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Author Topic: Hinged entry to layout  (Read 1248 times)
RedlegJim

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« on: April 13, 2017, 02:21:47 PM »

I'm thinking of adding an addition to my layout and I have a concern on how to hinge the entry to the layout. I'm using Bachmann EZ track and I'm not sure how this would work. If anyone has added a hinged section to their layout, I would appreciate your input.
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Trainman203

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« Reply #1 on: April 13, 2017, 03:57:33 PM »

Googling that ought to turn up plenty.
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Modeling the New Iberia and Northern 1945
jonathan


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« Reply #2 on: April 14, 2017, 09:51:22 AM »

Google, or youtube is a good suggestion.  I'll add my two cents.

Our club uses two access bridges:  both are the single-hinge method; whereby the hinge is placed inset, on one side, and one lifts the swing portion up and to the side.

If I may suggest, whether you build a swing-up style or swing-to-the-side style:  build the hinge and bridge first, making sure it's solid and will close in exactly the same place every time.  THEN lay the tracks in one piece across the bridge.  Finally cut the tracks at the break point.  A dremel cut off disc will work, but cutting by hand, with a razor saw, will give you a smaller gap.

After all that's done, the you can start soldering the connecting wires, ensure there's a nice-and-loose bend point for the wires that can handle the movement.  Only the hinge side will need connecting wires, if you have feeders along your entire layout.

My rant is now done.

Regards,

Jonathan
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Ckrails

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« Reply #3 on: April 14, 2017, 02:57:16 PM »

Hardware stores sell long metal hinges in various lengths; my Home Depot has them in up to 4 foot lengths.  Whether your extension will fold up or or down, for extra piece of mind you may wish to put something extra to support  the hinged side as well as the unhinged end.  As the others have said, plenty of info on this on the Net.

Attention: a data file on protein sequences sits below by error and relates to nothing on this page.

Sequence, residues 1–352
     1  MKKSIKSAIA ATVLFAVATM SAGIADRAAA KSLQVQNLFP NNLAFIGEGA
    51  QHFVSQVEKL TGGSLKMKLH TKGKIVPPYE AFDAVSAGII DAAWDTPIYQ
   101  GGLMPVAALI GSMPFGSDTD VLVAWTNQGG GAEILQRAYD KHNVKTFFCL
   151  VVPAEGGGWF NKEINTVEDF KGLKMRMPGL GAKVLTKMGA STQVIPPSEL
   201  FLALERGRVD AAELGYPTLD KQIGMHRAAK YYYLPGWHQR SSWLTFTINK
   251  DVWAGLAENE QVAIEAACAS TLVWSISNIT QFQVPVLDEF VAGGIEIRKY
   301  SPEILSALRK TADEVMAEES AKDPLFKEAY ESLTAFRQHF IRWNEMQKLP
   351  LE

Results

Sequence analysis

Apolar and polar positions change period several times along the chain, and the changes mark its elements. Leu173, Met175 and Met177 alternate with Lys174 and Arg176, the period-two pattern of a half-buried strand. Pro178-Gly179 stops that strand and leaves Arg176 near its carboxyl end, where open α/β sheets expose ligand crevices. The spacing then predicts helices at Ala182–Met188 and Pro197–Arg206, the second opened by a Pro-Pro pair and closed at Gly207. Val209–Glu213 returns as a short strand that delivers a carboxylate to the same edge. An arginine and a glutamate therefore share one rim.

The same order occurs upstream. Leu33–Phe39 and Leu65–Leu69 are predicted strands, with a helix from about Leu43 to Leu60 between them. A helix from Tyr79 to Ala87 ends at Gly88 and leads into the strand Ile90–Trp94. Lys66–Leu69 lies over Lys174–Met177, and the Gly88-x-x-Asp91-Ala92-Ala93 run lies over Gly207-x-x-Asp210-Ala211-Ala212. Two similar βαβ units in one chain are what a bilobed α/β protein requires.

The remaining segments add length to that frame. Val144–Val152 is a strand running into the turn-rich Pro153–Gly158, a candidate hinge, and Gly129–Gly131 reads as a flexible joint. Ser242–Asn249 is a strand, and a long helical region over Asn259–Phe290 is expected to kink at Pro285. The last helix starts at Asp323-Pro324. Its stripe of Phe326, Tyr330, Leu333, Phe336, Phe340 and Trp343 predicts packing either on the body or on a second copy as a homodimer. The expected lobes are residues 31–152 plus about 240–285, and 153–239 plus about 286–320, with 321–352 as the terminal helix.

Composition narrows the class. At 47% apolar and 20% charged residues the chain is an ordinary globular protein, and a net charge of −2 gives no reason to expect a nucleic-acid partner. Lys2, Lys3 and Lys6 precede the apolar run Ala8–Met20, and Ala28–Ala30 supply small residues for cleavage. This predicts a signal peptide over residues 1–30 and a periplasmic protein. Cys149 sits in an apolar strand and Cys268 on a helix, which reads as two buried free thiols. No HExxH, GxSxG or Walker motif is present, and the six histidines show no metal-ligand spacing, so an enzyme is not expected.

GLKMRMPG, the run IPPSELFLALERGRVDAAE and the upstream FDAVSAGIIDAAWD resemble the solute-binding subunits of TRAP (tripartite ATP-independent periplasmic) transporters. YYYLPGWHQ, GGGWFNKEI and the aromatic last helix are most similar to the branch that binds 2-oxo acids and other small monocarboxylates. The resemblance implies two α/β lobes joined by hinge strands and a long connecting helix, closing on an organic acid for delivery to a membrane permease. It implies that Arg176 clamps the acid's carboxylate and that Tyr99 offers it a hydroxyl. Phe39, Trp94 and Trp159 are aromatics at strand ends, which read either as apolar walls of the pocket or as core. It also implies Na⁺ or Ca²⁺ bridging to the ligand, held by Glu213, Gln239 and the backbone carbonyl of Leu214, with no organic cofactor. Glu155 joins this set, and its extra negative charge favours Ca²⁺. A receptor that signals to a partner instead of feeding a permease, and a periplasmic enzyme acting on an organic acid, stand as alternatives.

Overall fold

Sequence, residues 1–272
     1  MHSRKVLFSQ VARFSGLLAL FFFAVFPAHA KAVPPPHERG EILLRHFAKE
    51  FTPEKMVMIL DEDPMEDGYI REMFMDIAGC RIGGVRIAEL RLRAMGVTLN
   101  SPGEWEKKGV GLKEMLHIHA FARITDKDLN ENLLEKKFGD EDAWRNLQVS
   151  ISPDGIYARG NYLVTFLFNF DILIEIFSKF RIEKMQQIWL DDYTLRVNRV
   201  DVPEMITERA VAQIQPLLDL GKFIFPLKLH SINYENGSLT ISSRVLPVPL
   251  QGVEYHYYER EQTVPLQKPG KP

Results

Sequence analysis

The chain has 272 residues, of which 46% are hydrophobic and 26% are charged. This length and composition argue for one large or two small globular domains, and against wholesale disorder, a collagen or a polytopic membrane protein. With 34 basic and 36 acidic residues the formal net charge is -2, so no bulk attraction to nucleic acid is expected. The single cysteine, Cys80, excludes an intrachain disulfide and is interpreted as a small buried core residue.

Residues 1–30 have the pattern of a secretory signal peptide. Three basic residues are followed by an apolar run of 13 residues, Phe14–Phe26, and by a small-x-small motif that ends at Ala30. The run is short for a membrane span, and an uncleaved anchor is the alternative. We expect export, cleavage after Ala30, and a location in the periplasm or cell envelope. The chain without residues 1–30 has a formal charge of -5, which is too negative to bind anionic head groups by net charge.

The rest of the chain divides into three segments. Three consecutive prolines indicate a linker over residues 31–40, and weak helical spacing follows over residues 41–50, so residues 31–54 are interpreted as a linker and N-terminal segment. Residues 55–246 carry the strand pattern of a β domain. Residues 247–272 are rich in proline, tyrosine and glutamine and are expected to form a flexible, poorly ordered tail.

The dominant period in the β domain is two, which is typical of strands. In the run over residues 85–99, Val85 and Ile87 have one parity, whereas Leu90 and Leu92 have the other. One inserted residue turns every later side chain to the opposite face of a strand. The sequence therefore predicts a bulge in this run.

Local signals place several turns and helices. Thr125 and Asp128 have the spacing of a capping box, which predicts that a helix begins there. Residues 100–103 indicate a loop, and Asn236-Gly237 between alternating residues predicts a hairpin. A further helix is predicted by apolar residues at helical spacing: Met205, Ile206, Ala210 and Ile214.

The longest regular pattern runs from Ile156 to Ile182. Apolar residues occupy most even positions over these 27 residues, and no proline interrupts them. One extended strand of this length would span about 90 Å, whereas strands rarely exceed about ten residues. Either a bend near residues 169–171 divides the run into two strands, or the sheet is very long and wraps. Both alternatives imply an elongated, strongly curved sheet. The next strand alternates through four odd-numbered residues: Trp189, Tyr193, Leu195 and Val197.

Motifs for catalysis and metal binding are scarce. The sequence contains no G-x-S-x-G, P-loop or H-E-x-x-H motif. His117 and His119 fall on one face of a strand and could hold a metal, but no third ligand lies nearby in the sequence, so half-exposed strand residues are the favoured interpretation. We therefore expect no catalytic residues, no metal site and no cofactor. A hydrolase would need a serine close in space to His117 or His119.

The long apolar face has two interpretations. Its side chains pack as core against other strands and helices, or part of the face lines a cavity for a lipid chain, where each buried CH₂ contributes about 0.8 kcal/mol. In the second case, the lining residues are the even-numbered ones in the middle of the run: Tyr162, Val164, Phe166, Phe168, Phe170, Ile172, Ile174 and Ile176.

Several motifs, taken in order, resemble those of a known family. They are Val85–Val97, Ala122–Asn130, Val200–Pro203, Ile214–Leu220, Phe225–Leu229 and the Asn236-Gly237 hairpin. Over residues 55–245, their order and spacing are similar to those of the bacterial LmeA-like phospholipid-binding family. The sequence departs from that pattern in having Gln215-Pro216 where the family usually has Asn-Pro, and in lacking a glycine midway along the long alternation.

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mabloodhound


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« Reply #4 on: April 14, 2017, 04:59:56 PM »

A lift-out/ drop-in is much easier to build.
Hinges do not add anything to the "bridge" and can be a real pain.
Lift outs are so much easier but do as Jonathan said....lay the tracks first and then cut them.
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Dave Mason

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RedlegJim

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« Reply #5 on: April 17, 2017, 01:51:44 PM »

Thanks for some good ideas on different removable either swing or lift out section. I understand the need to lay the track first. My question is after I lay the track and cut it what do I need to make sure I have power running through the track on the removable section? Does the removable section need its own or additional power or can I insert extra rail joiners to connect the cut sections of the teack.
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RAM

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« Reply #6 on: April 17, 2017, 09:53:17 PM »

If you want to know how, do a google search lift out/drop in for model railroad layout.  You will find many ways of doing it.  Pick the one you think is best.  All I can add is take you time & MAKE SURE YOU DO IT RIGHT. 
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macivor

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« Reply #7 on: April 19, 2017, 02:41:28 AM »

I like the lift out idea with a feeder,  fed through a chain secured to one side.  then let it hang to one side.
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Trainman203

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« Reply #8 on: April 27, 2017, 12:32:42 PM »

There are ways to assure a dead section of track on either side of the lift out if it is not in place, to make certain that a train does not take the tragic plunge
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Modeling the New Iberia and Northern 1945
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